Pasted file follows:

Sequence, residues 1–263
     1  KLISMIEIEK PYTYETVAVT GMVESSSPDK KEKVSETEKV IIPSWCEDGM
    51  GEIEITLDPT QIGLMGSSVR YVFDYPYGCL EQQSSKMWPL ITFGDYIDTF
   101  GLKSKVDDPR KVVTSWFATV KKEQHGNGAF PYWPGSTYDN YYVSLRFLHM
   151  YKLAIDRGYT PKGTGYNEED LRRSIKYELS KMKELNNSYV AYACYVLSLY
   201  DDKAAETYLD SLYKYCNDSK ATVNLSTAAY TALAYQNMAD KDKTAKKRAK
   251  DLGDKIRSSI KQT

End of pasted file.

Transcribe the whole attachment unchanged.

Sequence, residues 1–263
     1  KLISMIEIEK PYTYETVAVT GMVESSSPDK KEKVSETEKV IIPSWCEDGM
    51  GEIEITLDPT QIGLMGSSVR YVFDYPYGCL EQQSSKMWPL ITFGDYIDTF
   101  GLKSKVDDPR KVVTSWFATV KKEQHGNGAF PYWPGSTYDN YYVSLRFLHM
   151  YKLAIDRGYT PKGTGYNEED LRRSIKYELS KMKELNNSYV AYACYVLSLY
   201  DDKAAETYLD SLYKYCNDSK ATVNLSTAAY TALAYQNMAD KDKTAKKRAK
   251  DLGDKIRSSI KQT